8. It’s been a little over a year since I bought and read the book. My first memory in response to Jeff’s question was, Win Scott” left out of the loop” in regards to Oswald. Thumbing through it tonight I find virtually those exact words. Why, how was he?
    Actually tonight I started with the pictures, as when I first received the book. One in the back and it’s caption made a light go off for me. “Allen Dulles…Win’s friend, mentor and idol”.
    The book is not about the Kennedy Assassination per se. It’s about Win Scott the person, the OSS, CIA, Dulles, Angeton, Harvey, and his son Michael Scott. While Jeff’s choice of quotes from others humanizes the book, the inclusion of Michael Scott’s perspective really does so.
    I did not know previously of Scott’s closeness to Dulles or work with Angleton and Harvey. In 1954 when Eisenhower assigned two committees to investigate the cia Dulles chose Scott as point man to deal with both of them.
    The discussion of Oswald’s visit, the taping systems and their operations/take, and most especially David Altee Phillips are all enlightening.
    It left me with the impression Scott and the Mexico City Station were “left out of the loop”, or even told to stay out for their own protection. Which in turn left me more suspicious of the timing of of Phillips assignment there and role in the handling of the Oswald “incident”.
    A lot more relevant info in these 287 pages plus 84 more of Afterword, Bibliography and Index than many other longer ones.
    How about a book on Dulles o Phillips Jeff?

  9. Jeff Morley had this to say to a conference audience marking the 50th anniversary of the publication of the Warren Report: “We have a new fact pattern about the JFK story that demands attention. This fact pattern is both growing in scope and detail over time… I think what we are doing is, we are getting to the point where we can describe a fact pattern rather than argue about theories, and we can transcend the old lone nut/conspiracy debate.”

    His book, “Our Man In Mexico: Winston Scott and the Hidden History of the CIA” is one of the essential works ushering in a new era in JFK reporting — a trend towards document-sourced facts as a basis for the slow and steady construction of evidentiary hierarchies based upon what we can prove. It’s a recent (post JFK Records Act) development which could not have emerged during the first several decades of our efforts to understand the what and why of Dallas. And it exemplifies a wave of new research by a new breed of disciplined scholars.

    Future historians will look back upon this period of discovery, because of investigators and historians like John Newman, Bill Simpich, Jeff Morley and others whose works are collectively contributing to our enlightenment as the final chapter of the government’s obsolete proclamations on President Kennedy’s death. It may also signify the last gasps of all those who have so adamantly and self-righteously opposed and obstructed our efforts to become informed before their own inescapable appointment with extinction.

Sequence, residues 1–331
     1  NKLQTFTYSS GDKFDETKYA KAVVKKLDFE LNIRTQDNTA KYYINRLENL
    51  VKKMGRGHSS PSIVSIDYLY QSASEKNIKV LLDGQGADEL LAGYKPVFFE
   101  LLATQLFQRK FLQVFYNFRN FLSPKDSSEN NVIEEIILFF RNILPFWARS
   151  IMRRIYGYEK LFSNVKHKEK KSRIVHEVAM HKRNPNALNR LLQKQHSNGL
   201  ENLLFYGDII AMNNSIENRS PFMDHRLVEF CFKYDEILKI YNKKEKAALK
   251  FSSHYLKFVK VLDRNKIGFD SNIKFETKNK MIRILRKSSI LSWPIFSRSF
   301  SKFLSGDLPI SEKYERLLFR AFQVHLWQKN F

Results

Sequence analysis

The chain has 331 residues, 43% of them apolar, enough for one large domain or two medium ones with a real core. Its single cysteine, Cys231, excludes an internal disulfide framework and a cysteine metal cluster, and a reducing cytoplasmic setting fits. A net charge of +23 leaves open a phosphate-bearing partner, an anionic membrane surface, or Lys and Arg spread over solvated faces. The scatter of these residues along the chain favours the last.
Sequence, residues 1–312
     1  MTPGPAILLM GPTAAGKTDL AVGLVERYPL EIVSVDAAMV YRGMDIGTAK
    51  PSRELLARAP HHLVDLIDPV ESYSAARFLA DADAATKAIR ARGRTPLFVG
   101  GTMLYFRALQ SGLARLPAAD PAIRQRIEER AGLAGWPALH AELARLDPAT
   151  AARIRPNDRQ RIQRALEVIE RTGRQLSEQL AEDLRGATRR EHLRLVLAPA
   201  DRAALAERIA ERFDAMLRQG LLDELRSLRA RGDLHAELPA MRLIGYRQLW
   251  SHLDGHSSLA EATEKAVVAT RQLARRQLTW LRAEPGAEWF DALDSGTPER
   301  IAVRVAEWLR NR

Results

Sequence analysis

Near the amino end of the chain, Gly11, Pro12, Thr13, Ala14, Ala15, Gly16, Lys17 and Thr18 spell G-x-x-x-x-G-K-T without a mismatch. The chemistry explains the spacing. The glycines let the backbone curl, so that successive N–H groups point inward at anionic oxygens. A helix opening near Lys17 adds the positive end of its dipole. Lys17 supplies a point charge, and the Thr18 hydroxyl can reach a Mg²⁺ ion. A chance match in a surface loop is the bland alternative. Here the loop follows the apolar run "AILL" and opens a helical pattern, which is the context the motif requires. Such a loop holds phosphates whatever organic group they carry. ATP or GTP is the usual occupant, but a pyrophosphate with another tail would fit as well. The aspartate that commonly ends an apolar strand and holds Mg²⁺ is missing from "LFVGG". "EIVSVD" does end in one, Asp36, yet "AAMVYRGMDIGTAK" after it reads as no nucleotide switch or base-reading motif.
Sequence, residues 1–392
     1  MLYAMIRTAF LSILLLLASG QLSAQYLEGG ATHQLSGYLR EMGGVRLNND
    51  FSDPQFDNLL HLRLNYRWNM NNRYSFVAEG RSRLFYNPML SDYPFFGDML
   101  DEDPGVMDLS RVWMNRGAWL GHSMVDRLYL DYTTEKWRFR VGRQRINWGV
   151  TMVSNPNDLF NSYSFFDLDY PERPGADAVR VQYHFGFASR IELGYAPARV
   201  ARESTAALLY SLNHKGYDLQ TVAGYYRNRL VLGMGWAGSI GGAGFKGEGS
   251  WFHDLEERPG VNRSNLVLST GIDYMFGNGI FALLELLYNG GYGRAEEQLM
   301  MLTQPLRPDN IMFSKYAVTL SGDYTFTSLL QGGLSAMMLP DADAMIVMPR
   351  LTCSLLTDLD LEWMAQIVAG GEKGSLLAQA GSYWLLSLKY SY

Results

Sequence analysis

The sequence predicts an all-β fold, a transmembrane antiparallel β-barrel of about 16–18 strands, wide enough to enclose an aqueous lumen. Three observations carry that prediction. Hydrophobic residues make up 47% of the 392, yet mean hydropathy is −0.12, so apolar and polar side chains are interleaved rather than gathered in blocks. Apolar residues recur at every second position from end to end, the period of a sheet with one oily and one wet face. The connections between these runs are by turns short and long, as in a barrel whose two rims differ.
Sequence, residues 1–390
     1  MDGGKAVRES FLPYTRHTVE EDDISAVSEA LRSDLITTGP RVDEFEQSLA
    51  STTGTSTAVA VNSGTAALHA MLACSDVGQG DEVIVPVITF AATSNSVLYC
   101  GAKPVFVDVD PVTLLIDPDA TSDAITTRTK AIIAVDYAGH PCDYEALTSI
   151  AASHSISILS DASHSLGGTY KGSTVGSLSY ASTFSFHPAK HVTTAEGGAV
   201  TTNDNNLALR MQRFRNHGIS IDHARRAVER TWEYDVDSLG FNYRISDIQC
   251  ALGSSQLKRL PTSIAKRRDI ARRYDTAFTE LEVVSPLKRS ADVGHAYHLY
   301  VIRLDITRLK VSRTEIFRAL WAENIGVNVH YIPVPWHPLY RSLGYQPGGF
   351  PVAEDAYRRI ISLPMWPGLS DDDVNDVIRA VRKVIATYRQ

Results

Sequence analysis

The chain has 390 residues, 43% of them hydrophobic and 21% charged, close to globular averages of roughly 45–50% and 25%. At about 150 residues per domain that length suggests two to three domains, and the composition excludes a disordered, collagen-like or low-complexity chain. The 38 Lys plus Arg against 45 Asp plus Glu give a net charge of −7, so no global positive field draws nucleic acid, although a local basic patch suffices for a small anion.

10. Great idea Vanessa. Count me in. There’s far too much published garbage. Jeff’s book is one of the few that breaks that mold. It should be discussed in full.

    I’ve always believed that, if there was a conspiracy (and I believe that there probably was), its roots go back to the OSS and all they dealt with, during and after the 1940’s. The OSS was given a free hand to do almost anything (including numerous assassinations) to win the Second World War. Those same players, armed with their self-directed methods, could have easily flourished well into the 1960’s, and beyond.

    That’s why Jeff’s book is so important to understand the entire historical landscape, including the events of November 22, 1963.

  11. Cut myself short in my comment above. This book did help convince me that there was at least a cover up in what the CIA testified concerning their surveillance of Lee Oswald before the assassination. Was already leaning in that direction but leaned even further because Morley set it out in such a logical, obvious way. It wasn’t far fetched or forced but yet obvious thanks to well documented facts.

    1. I have finally put my money where my mouth is and organised my purchase of Jeff’s book.

      Photon, you are always wittering on about ‘facts’. It sounds like Jeff’s book is full of facts, uncontestable facts about the CIA. You should be happy to support the promulgation and discussion of those. Right? πŸ™‚

      Perhaps we could have a little bookclub on this thread? Anyone else care to join?

        1. Lovely to have you here Bob. Have you read the book already like some others?

          Photon, are you going to join? Although surely with your commitment to facts you’ve already purchased this book and read it cover to cover?

          If not, no getting an old buddy to borrow it from the CIA library – that would be cheating.

          Or are you not really that keen on facts after all?

  12. Actually 88% of the people who reviewed this book on Amazon gave it five stars. This shows it was very enjoyable and easy to follow. Yes, the characters are believable and one can really believe and follow the actions and attitudes of the CIA. Jeff Morley was fair, not opinionated, not trying to force feed the reader to a particular conclusion.